Department of Biological Sciences, Florida International University, Miami, FL 33199.
Life history and population dynamics of the western mosquitofish: a comparison of natural and introduced populations
Article first published online: 4 APR 2005
Journal of Fish Biology
Volume 46, Issue 6, pages 1026–1041, June 1995
How to Cite
Haynes, J. L. and Cashner, R. C. (1995), Life history and population dynamics of the western mosquitofish: a comparison of natural and introduced populations. Journal of Fish Biology, 46: 1026–1041. doi: 10.1111/j.1095-8649.1995.tb01407.x
- Issue published online: 4 APR 2005
- Article first published online: 4 APR 2005
- (Received 4 May 1994, Accepted 2 August 1994)
- Gambusia affinis;
- life history;
- population dynamics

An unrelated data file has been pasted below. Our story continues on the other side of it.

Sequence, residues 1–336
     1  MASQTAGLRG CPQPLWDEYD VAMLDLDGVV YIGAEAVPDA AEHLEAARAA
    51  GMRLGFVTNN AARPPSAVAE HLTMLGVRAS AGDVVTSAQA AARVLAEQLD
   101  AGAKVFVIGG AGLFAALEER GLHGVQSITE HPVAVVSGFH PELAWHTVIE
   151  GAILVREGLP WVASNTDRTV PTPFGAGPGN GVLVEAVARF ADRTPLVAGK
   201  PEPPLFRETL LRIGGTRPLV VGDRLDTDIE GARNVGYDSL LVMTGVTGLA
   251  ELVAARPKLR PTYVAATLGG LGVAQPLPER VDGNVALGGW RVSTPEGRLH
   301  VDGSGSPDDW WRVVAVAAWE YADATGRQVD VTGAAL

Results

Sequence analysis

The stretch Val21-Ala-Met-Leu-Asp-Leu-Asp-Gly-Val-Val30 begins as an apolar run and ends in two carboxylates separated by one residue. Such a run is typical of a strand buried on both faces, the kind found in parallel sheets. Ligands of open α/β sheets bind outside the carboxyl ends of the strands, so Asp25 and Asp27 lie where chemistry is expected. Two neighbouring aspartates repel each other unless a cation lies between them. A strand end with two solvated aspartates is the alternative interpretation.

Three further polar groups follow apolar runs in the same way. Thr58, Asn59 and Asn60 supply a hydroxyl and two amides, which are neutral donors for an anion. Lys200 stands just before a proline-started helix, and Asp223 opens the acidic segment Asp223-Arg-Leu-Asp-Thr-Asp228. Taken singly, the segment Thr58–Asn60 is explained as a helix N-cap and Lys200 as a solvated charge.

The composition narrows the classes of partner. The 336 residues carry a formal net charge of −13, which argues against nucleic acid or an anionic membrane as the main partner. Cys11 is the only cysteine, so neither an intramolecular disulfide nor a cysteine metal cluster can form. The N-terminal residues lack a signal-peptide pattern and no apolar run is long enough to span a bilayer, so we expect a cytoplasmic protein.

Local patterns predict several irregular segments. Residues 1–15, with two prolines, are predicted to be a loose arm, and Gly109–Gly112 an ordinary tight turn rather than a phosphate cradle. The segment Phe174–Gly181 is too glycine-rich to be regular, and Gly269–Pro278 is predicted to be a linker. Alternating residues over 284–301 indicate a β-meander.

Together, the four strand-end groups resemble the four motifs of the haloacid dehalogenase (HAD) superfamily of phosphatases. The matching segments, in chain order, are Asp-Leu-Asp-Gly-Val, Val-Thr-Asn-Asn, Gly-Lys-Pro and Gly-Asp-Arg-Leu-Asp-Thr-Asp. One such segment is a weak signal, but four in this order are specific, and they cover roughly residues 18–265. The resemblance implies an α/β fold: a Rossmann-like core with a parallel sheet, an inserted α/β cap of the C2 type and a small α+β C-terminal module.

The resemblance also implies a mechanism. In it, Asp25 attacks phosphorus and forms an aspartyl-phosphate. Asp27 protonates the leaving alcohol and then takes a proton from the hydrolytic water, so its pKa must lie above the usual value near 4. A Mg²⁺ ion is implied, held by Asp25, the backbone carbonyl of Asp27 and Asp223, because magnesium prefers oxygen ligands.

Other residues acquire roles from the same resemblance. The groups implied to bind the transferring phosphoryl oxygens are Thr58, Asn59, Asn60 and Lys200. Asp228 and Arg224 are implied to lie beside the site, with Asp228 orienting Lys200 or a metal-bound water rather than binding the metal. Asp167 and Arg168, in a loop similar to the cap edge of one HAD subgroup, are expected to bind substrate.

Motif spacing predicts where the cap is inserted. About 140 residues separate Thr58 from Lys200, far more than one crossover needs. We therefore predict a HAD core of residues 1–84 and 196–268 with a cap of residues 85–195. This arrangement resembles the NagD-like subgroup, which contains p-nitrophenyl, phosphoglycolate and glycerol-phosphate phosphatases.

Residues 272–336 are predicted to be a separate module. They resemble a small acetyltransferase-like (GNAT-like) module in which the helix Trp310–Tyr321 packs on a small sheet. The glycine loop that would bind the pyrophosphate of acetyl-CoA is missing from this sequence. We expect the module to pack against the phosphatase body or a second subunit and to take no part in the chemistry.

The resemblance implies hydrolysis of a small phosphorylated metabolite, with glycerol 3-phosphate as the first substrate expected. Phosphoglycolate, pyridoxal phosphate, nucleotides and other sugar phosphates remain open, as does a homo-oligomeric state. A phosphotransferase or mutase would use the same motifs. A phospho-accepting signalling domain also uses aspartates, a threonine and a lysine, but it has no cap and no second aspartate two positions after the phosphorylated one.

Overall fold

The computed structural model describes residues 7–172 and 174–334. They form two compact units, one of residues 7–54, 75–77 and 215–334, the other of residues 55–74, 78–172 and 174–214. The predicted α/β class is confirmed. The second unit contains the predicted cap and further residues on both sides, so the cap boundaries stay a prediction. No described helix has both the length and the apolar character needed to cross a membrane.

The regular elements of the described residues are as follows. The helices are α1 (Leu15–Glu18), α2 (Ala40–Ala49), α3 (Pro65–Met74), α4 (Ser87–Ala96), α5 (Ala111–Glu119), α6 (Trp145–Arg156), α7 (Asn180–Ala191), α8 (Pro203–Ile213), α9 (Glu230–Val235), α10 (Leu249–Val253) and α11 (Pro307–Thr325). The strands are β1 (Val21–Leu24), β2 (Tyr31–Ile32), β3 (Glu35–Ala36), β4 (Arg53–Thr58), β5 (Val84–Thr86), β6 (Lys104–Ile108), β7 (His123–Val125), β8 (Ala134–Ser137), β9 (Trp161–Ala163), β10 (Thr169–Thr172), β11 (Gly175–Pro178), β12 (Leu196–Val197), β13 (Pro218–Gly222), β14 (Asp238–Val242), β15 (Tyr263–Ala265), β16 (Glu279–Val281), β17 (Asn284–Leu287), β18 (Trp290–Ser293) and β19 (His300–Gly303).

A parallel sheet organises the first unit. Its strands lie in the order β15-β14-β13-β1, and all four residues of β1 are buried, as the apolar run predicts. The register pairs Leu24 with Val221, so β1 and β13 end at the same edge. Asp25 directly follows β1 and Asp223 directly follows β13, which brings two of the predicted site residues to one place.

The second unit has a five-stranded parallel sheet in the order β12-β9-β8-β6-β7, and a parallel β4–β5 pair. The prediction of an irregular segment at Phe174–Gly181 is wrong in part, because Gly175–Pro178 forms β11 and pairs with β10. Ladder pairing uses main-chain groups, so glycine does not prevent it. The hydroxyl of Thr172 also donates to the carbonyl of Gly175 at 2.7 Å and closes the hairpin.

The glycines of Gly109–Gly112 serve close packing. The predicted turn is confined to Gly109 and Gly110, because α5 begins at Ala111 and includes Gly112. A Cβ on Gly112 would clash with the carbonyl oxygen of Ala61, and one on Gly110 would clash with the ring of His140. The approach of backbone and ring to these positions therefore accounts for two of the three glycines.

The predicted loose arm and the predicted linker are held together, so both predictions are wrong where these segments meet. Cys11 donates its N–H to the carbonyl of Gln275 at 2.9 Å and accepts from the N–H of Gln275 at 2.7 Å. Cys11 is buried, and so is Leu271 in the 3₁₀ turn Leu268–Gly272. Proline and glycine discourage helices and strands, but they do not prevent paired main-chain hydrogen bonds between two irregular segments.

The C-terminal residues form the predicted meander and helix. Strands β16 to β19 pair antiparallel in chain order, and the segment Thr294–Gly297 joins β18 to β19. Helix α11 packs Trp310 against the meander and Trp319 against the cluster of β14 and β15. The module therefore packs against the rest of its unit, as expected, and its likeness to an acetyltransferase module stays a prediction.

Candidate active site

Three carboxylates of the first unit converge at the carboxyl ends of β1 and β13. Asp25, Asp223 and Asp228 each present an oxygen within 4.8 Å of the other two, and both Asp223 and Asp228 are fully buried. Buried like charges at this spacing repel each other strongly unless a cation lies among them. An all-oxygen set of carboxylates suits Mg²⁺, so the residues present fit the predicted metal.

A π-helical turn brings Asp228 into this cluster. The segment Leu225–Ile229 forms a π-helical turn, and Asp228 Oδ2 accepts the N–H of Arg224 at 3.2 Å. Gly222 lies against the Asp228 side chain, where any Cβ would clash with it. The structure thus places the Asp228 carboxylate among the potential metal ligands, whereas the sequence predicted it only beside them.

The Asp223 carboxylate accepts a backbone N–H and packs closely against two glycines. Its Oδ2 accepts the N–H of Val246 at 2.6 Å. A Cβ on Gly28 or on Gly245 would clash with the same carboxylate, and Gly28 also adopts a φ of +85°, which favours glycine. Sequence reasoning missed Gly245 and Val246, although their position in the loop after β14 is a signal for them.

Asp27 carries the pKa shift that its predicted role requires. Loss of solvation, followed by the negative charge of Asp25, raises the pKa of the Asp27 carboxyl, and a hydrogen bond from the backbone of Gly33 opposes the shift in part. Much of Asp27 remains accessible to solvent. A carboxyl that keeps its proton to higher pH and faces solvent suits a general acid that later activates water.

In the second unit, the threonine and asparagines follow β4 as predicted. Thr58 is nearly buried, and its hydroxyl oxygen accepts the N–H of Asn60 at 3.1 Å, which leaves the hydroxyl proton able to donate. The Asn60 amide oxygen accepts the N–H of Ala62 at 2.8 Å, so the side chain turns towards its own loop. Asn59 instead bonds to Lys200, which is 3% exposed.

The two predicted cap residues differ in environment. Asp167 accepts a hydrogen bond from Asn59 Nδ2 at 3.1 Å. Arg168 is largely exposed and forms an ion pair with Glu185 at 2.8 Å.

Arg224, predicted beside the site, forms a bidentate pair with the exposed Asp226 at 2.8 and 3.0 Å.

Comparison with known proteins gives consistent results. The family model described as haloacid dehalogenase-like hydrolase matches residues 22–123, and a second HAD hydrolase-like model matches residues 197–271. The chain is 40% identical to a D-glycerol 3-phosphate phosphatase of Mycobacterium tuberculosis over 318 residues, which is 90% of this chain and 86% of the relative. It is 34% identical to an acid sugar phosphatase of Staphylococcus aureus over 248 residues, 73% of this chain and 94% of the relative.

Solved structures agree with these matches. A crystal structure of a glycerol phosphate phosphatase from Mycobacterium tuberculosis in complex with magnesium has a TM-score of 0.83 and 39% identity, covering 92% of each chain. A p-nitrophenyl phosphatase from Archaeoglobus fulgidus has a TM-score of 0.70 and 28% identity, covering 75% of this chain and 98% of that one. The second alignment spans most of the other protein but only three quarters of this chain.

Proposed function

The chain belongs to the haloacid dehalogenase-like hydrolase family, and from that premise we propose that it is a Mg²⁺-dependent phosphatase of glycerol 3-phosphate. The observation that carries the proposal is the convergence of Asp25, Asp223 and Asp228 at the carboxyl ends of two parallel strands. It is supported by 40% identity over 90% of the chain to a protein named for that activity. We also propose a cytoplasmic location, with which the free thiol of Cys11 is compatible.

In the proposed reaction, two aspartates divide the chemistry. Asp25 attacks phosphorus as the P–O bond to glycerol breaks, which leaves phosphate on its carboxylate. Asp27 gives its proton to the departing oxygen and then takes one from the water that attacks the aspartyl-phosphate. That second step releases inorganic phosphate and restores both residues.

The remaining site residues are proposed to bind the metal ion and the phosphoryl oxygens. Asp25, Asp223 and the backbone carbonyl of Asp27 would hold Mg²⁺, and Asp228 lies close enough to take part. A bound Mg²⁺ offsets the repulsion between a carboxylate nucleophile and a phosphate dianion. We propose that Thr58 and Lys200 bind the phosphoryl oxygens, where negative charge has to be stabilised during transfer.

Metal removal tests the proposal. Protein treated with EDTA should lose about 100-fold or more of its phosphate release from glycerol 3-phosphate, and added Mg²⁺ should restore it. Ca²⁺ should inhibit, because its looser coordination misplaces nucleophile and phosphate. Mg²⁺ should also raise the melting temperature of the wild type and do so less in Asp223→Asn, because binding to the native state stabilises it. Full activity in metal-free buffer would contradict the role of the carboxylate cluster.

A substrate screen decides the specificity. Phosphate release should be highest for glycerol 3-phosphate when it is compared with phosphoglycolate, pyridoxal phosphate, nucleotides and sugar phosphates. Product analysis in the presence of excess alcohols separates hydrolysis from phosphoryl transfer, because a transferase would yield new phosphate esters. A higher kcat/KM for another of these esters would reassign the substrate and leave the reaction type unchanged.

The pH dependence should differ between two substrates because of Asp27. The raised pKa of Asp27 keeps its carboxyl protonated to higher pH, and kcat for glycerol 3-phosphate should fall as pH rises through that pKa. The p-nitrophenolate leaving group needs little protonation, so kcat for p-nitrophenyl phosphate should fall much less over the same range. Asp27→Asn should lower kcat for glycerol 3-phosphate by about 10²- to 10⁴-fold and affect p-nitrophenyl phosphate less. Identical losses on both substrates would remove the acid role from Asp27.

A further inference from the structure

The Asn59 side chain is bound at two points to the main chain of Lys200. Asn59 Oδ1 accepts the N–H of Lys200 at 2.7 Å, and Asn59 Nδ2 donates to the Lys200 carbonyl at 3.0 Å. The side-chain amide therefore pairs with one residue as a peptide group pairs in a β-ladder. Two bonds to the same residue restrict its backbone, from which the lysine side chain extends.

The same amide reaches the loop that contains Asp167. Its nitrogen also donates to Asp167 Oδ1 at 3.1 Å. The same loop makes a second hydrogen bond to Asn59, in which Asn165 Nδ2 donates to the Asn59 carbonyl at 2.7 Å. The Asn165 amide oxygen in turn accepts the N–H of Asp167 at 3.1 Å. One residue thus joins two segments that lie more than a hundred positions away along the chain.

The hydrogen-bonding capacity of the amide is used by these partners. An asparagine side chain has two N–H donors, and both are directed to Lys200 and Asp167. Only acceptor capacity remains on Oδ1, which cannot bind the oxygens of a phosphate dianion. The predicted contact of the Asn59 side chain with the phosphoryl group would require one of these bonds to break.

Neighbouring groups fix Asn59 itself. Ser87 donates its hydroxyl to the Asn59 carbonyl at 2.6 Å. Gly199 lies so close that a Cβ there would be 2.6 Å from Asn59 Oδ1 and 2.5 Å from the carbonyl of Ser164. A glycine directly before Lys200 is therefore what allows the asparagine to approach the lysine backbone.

Life history and population dynamic patterns of Gambusia affinis in southeastern Louisiana varied spatially and temporally in 1990 and 1991, but were consistent with previous reports of this species in the southern regions of its natural range. Several differences exist among populations in different geographic regions within the United States, as reported in the literature, which do not follow a‘ native v. introduced’ dichotomy: (1) brood size decreases and offspring size increases from north to south; (2) large overwintered females in northern areas produce more broods within a season than those in southern populations, while the reverse is true for young-of–year females; (3) minimum size at first reproduction follows a seasonal pattern within populations, but tends to be smaller in southern and larger in northern and Hawaiian populations; (4) synchronous reproduction early in the season is characteristic of northern populations, but does not occur in southern areas; and (5) mosquitofish reproduce year–round in Hawaii, while 'southern’ populations within the continental U.S. cease reproduction during winter.